In 2000, one of the biggest sikh temple (gurdvara) of Europe was inaugurated in a small town (Novellara) in the district of Reggio Emilia, Northern Italy. Indian sikh migration in this area started in the late '70s and thanks to an intense kinship based migration process, it developed into a well-established community. In the town of Novellara there are different places of worship: a sikh temple, a mosque, a hindu temple and catholic churches. Unlike other religious communities, sikhs succeeded in building a self-financed worship place that gives visibility to the whole community. Gurdvara is not only a religious space but also a social and identity space, linked with the local and transnational community through media, travelling authorities, kinship networks. In this paper I will focus on the temple as an identity space, arguing that it represents a space both of "internal" negotiation (within the religious community) and of "external" mediation and self-representation (with the "dominant" Italian society and with other minorities). With "internal" negotiation I refer to the gradual predominance of a specific orthodox identity (khalsa) through the promotion of baptism (initiation), religious discourses and education of young generations. A special attention will be paid to the consequences on gender identity. Even if there's a strong pressure on baptism carried on also on a transnational level, sikh community is not homogeneous and non-khalsa sikh are a predominant part of the community. On the other side, external negotiation passes through strategies of self representation, for instance in occasion of public religious performances. I will conclude exploring the elaboration of diasporic narratives elaborated by the local and transnational community, relating them to the process of identity construction in migration.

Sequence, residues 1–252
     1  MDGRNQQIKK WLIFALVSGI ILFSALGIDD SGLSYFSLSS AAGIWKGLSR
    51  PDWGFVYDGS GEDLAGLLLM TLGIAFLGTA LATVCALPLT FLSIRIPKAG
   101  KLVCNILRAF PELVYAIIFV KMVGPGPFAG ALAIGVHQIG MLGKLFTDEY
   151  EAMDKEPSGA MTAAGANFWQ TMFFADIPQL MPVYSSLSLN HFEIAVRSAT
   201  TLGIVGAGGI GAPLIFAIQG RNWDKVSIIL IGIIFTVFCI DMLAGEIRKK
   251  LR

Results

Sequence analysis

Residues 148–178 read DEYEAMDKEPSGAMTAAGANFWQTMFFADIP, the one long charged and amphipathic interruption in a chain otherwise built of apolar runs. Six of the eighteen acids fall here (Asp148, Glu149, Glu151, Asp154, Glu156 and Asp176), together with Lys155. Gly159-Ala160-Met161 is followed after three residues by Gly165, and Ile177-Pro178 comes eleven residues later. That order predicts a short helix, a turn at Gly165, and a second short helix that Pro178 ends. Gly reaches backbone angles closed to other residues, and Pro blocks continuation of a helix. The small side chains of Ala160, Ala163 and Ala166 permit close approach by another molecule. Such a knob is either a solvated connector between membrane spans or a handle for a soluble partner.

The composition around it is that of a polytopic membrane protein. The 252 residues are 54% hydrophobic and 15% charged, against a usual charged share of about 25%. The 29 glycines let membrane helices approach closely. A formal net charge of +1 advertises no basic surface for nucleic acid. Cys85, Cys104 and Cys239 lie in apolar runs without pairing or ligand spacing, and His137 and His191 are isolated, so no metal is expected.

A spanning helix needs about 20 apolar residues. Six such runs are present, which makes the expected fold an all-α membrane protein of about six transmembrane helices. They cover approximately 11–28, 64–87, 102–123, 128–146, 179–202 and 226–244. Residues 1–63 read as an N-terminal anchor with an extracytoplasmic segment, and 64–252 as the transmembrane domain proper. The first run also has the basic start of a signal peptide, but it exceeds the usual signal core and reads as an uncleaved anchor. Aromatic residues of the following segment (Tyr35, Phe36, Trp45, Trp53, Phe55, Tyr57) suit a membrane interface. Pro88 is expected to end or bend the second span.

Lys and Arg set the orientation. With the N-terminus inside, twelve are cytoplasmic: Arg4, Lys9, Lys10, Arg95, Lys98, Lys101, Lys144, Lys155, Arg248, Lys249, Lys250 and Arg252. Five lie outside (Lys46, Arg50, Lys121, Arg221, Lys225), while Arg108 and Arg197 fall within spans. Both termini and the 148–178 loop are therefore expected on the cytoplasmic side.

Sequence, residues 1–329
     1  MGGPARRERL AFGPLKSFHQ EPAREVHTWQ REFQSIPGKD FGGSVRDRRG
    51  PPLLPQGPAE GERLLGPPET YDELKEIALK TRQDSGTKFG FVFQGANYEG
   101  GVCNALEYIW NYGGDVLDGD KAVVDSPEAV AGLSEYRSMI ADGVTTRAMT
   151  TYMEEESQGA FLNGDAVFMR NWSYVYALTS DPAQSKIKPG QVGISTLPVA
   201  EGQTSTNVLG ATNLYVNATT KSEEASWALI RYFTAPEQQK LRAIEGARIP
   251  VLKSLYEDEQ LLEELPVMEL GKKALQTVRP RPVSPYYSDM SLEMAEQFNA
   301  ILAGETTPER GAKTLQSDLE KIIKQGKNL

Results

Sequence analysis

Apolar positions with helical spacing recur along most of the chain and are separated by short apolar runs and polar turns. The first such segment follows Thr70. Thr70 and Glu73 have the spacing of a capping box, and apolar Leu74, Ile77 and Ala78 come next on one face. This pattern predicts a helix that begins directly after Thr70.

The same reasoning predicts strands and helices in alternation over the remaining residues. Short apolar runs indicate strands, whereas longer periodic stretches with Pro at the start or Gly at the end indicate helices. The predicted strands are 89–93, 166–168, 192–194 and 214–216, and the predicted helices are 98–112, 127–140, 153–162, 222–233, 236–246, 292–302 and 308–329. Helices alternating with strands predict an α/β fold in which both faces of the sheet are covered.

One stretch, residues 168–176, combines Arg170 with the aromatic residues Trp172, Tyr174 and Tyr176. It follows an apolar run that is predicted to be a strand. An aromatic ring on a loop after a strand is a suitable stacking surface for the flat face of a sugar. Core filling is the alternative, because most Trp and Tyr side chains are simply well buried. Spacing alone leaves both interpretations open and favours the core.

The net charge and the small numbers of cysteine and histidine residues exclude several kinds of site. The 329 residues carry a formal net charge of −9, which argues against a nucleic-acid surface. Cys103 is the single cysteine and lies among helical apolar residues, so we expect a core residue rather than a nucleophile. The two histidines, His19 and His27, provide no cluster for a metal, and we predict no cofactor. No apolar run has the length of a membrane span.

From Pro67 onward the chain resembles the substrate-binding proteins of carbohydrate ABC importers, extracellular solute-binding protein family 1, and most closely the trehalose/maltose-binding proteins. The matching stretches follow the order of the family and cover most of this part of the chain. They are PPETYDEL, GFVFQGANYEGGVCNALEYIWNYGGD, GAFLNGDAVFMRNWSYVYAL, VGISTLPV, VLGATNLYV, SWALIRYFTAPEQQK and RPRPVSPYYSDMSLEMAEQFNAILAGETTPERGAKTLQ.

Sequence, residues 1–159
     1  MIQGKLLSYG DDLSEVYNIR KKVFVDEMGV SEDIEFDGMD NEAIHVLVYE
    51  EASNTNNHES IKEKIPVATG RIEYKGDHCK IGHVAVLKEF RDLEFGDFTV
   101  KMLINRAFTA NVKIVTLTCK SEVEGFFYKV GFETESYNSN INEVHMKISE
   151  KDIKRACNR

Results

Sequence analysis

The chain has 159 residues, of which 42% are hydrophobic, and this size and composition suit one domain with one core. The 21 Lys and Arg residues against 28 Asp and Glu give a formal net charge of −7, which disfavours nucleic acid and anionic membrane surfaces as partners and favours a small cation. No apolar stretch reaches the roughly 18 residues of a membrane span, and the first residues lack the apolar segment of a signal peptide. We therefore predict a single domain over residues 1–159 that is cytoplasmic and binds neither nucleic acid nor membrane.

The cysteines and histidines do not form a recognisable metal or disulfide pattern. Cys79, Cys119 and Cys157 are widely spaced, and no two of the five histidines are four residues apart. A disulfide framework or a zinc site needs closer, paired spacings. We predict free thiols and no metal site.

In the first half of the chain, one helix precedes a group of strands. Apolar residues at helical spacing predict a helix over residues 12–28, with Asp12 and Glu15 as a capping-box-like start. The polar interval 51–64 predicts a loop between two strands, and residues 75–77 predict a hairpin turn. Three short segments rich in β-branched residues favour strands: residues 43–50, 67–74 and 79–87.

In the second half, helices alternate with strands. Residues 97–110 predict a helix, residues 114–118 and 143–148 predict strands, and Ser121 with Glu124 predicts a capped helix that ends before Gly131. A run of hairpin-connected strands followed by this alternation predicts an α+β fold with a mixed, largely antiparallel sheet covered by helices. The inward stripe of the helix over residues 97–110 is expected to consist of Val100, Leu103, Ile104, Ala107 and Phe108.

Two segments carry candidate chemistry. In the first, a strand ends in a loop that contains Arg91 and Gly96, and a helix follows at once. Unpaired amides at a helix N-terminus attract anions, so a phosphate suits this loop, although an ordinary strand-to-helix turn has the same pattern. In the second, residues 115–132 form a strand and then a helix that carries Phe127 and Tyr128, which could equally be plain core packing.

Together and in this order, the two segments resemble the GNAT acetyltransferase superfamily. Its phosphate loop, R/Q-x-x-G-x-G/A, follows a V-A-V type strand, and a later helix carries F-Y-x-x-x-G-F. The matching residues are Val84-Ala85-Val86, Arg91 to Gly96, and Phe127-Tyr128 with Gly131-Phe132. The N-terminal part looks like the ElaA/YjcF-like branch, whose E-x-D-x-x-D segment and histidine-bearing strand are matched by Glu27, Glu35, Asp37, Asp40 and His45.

Going rural and urban at the same time: reflections from the Roman Sikh context
Preliminary researches conducted over the last decade show that Italy has assisted to a consistent rural to rural Sikh migration, more similar to California than to other European countries, and account specific rural areas (in particular the Po Valley in Northern Italy) as major places of settlement.
A noticeable exception to this general frame of analysis is constituted by the capital city of Rome. Though a majority, in fact, not all Sikhs are rural settlers, and this is especially true in Rome area, where Punjabi migrants are scattered in the outskirts but also in town, where they run small businesses both in the formal and informal sector.
This paper aims to highlight some considerations emerging from an ongoing ethnographic research I am carrying out at the local Gurdwara of Fiumicino, in the outer edges of Rome, as well as around two ashrams owned by Italian converted Sikhs, which are hosting some Sikh migrants as well. All these sites seem to question the separation of urban versus rural contexts, since they act respectively as community centres for Sikhs living in town and neighbouring villages, and as places of residence from where to commute for professional purposes downtown.
In this perspective, the 'Sikh case' is a good example to take on further reflections on the changing urban shape of Rome, which appears constantly transformed, over the last decades, by the increasing expansion of suburban areas; such restructuring has interested too the way migrants choose where to work and live.